But now (as a prisoner in another place), Paul is able to write back to Christians in Philippi without any bitterness. He remembers them with an emotion of joy.  “I thank God in all my remembrance of you.”

Just pause here and reflect on how valuable this attitude is. What a high example and standard for us to imitate. It is positive, mature, godly and healthy – to remember the good and reject bitterness and resentment. The painful things of the past ought to be managed by exalting good things and good people. Gratitude to God makes this conceivable.

There is another part of this good attitude toward the saints in Philippi: “…because of your partnership in the gospel from the first day until now.”

How did they “partner” with Paul? What was the nature of their participation or fellowship?

The Christians in Philippi acted toward Paul, based on their commitment to God. They were committed to God, therefore committed to His servants. Not only through prayer.

Later in this epistle we learn that they responded to Paul’s needs. They sent aid to him once and again (Phil. 4:16).

It was not just that Paul was in “their thoughts and prayers,” though that is certainly true. Their commitment to God led to their sacrifice for His servants. Their interests in the lost caused them to support those who faithfully preached the gospel to the lost. Their love for brethren prompted their active love for Paul. All of this can be summarized as their fellowship with Paul.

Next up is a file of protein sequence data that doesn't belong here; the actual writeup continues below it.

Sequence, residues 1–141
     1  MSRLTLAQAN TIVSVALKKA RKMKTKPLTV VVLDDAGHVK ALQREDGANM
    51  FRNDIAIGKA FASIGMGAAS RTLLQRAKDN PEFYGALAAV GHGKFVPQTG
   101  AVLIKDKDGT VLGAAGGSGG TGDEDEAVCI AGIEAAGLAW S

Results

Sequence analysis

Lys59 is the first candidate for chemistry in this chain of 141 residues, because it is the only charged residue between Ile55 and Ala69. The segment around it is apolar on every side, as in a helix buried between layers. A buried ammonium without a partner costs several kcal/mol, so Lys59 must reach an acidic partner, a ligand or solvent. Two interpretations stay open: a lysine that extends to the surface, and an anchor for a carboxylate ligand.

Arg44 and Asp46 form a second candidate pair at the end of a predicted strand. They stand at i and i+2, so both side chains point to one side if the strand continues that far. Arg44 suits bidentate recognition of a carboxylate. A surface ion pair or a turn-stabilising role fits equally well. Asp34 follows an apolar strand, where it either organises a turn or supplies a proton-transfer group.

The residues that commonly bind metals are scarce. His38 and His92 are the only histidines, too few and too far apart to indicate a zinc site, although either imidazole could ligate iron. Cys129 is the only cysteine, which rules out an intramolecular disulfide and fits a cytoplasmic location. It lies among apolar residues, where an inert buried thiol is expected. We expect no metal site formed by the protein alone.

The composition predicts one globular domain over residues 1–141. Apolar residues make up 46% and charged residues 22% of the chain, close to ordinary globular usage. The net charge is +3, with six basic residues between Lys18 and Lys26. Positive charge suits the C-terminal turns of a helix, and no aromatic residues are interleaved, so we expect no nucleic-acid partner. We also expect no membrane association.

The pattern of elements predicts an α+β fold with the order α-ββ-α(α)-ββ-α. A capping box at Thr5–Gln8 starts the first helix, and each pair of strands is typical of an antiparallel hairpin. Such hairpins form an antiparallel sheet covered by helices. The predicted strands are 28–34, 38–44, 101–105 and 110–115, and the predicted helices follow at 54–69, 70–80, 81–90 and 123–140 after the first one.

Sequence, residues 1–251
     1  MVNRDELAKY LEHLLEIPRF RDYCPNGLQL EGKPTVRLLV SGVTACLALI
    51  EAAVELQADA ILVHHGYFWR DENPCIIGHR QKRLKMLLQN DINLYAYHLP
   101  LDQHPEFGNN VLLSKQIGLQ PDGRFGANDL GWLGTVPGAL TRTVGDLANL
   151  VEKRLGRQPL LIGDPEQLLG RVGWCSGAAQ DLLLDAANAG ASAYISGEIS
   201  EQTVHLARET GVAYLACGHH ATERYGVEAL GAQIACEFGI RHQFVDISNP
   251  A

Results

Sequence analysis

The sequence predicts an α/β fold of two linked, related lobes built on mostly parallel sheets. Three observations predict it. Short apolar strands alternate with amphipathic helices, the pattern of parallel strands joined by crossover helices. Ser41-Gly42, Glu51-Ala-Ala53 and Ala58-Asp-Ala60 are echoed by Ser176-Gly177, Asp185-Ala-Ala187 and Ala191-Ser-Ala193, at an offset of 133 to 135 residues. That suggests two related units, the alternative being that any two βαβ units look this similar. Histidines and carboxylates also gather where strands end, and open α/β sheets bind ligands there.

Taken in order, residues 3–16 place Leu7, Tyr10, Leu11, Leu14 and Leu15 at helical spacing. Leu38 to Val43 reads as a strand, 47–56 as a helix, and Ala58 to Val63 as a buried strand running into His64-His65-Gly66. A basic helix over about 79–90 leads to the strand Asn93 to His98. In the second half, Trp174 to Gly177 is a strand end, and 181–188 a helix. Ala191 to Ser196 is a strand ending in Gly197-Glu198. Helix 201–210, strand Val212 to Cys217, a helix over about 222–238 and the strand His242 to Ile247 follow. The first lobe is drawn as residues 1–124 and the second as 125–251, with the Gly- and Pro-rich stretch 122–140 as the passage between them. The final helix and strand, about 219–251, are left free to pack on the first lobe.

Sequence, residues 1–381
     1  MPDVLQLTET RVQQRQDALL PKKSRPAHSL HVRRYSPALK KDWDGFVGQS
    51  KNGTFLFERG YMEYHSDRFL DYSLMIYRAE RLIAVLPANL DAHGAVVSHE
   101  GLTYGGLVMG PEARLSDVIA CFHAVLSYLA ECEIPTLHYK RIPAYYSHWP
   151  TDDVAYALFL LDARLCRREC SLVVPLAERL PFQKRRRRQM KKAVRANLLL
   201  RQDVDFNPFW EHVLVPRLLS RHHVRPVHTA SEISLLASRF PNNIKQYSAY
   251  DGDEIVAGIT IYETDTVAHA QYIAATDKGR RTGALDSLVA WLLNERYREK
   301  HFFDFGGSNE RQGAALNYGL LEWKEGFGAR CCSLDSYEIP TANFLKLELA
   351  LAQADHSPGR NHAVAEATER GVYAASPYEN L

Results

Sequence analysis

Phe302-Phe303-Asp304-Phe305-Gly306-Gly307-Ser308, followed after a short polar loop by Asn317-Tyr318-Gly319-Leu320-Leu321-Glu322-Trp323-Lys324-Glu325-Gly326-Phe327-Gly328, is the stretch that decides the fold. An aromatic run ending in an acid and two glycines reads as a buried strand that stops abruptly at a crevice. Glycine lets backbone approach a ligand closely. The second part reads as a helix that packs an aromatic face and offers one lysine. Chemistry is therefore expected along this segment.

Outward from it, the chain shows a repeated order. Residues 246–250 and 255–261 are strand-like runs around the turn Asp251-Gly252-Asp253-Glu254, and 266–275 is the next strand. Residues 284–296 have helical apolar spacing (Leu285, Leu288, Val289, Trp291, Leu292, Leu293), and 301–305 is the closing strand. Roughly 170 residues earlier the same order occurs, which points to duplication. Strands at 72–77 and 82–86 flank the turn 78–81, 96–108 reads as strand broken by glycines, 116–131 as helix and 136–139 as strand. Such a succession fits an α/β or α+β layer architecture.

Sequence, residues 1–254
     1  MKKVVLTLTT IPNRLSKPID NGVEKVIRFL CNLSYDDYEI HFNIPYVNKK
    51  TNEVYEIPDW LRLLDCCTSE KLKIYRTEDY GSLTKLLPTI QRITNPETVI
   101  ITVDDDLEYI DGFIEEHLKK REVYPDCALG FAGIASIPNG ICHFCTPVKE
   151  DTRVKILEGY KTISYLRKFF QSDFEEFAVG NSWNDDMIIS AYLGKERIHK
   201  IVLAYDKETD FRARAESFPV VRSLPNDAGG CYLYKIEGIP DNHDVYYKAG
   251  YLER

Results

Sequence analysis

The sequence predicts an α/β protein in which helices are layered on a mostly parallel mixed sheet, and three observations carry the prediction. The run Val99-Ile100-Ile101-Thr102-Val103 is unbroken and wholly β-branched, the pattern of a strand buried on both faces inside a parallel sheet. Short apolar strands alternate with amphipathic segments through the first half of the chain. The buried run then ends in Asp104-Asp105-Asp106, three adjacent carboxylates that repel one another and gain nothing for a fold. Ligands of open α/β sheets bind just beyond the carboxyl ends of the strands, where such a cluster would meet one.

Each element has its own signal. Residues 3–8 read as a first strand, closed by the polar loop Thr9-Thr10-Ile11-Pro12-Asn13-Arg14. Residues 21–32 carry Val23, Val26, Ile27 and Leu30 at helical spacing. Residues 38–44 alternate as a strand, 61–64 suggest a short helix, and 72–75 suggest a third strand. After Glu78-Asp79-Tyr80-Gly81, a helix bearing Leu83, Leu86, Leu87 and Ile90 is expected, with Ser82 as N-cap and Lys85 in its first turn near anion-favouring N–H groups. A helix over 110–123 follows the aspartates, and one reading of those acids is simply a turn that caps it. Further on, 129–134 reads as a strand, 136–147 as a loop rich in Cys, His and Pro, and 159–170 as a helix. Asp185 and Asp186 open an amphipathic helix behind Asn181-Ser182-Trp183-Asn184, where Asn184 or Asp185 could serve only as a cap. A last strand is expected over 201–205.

Because they were connected with God, they were connected with His servant, the apostle Paul. 


Well-Driven Nails: The Power of Finding Your Own Voice,by Byron Yawn:

“The notable expositors of our day share some common traits: efficient mental discipline and a determined capacity for reflection. As Solomon put it, they “ponder.” They think really well and deeply. Is it not the finely-sliced nuance which creates the enviable dynamic in their presentation? They have the capacity to focus their minds on a singular topic or truth for the length of time necessary to penetrate the obvious and unearth the profound. When they do deliver their sermons they come across as ‘well-driven nails’.”